Dolomite is usually white, colorless, gray, yellowish brown to brown in hand sample if iron content increases. It is less commonly found pink or pinkish. When evaluated under petrographic polarizing light microscopes it can be also found black when iron is present in the crystal. It usually exhibits a vitreous to pearly luster in reflected light of geological polarizing microscope. Dolomite vigorously effervesces in dilute HCl only if powdered or if acid is hot. High iron content has magnetic effect after heating. Dolomite usually appears colorless in thin section or grain mount. Although weathered or altered, iron-rich samples may be brownish due to the presence of iron oxides and hydroxides. Dolomite is usually found having perfect rhombohedral cleavage that can be seen more clearly visible when viewed with the aid of the petrographic polarizing light microscope. The fracture found is commonly conchoidal when the mineral is viewed in plane light of geological polarizing microscopes. The hardness measure of the mineral using the Mohs scale method is usually ranging from 3.5 to 4. When the mineral is rubbed on a white porcelain streak plate, it is commonly found leaving a white streak. The specific gravity measure of the mineral Dolomite is commonly found as 2.86 grams per cubic centimeters, which is considered average.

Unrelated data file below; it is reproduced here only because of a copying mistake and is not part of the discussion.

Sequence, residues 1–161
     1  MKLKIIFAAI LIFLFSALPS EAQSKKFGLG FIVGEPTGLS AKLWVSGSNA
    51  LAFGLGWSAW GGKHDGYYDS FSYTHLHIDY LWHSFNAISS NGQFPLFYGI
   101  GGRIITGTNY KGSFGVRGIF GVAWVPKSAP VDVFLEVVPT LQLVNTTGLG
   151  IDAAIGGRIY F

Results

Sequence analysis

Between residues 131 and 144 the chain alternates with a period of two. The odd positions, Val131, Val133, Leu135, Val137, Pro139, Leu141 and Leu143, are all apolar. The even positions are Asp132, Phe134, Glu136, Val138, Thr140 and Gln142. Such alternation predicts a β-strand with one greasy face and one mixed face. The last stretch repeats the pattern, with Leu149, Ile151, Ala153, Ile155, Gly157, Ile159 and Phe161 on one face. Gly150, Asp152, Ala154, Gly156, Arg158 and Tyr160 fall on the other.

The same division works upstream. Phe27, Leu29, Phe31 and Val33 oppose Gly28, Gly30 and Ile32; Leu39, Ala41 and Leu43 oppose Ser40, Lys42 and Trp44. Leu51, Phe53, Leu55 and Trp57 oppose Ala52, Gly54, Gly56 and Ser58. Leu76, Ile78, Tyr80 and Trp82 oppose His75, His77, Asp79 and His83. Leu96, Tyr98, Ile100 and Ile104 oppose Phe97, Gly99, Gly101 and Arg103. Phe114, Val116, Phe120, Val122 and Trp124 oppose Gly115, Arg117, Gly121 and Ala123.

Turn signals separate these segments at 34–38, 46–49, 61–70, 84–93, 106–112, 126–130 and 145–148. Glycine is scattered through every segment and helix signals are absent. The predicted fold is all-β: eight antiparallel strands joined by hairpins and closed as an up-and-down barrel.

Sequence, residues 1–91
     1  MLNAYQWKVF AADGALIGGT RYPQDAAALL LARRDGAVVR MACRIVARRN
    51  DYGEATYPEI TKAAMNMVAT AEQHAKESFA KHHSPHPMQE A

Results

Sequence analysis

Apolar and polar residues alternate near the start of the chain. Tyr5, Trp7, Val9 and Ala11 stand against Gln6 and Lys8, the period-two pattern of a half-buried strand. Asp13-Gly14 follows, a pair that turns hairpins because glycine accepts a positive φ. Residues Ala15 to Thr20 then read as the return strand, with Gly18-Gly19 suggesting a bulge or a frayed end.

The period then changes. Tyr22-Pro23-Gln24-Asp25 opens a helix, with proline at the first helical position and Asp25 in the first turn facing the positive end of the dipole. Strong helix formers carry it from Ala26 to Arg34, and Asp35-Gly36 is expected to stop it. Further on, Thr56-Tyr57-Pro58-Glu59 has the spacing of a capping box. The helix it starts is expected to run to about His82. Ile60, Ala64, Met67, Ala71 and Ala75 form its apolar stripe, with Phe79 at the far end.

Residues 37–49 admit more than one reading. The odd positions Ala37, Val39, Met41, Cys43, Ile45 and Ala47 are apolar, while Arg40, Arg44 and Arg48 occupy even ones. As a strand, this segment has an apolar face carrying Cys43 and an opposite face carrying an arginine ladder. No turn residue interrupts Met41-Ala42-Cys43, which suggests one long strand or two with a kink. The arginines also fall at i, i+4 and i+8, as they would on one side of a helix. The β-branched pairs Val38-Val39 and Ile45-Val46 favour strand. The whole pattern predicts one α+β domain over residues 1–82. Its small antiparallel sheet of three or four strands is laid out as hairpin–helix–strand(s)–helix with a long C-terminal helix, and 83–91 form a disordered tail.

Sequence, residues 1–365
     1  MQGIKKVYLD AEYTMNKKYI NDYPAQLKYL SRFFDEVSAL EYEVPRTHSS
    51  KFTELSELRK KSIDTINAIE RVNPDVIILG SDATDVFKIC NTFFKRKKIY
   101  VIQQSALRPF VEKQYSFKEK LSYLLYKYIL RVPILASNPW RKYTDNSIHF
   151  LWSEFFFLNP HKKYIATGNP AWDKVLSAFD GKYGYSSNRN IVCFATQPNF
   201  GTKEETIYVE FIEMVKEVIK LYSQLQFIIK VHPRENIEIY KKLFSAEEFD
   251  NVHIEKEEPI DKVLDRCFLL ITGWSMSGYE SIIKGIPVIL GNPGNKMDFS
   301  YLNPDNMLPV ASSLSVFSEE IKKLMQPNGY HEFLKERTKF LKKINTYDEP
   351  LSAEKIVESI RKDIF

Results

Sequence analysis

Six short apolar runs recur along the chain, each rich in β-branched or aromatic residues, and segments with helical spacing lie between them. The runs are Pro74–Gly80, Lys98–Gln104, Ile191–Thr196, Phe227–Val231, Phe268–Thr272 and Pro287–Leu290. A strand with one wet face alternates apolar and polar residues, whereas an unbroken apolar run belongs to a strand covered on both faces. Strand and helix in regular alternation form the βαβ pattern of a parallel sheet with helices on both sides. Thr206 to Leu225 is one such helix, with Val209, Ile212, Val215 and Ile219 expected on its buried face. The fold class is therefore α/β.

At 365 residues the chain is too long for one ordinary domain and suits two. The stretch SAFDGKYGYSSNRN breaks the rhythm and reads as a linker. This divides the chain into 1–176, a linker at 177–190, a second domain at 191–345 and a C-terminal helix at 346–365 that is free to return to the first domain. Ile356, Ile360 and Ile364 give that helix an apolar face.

Most Dolomite crystals are found transparent to translucent in appearance. The crystal habit of the mineral usually include saddle-shaped rhombohedral twins and simple rhombs while some other have slightly curved faces that can be very interesting when viewed under polarized microscopes. Some Dolomite crystals are prismatic, massive and granular. Others are rock-forming usually exhibiting nice microscope images under geological polarizing microscopes. Dolomite never exhibits scalenohedrons. Lamellar twinning is moderately common and this usually produces lamellae that may be parallel either to the long or the short diagonal of the rhombohedral faces. Simple twins may also be found.